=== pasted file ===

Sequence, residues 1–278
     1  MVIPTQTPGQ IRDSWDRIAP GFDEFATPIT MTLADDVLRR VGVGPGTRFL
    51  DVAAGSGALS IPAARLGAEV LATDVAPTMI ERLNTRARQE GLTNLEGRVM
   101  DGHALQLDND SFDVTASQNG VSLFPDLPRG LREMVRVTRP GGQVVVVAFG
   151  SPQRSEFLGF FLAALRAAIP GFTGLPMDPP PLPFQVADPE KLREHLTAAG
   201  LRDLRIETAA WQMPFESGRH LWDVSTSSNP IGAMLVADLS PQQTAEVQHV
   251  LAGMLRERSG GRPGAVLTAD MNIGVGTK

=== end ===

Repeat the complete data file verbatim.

Sequence, residues 1–278
     1  MVIPTQTPGQ IRDSWDRIAP GFDEFATPIT MTLADDVLRR VGVGPGTRFL
    51  DVAAGSGALS IPAARLGAEV LATDVAPTMI ERLNTRARQE GLTNLEGRVM
   101  DGHALQLDND SFDVTASQNG VSLFPDLPRG LREMVRVTRP GGQVVVVAFG
   151  SPQRSEFLGF FLAALRAAIP GFTGLPMDPP PLPFQVADPE KLREHLTAAG
   201  LRDLRIETAA WQMPFESGRH LWDVSTSSNP IGAMLVADLS PQQTAEVQHV
   251  LAGMLRERSG GRPGAVLTAD MNIGVGTK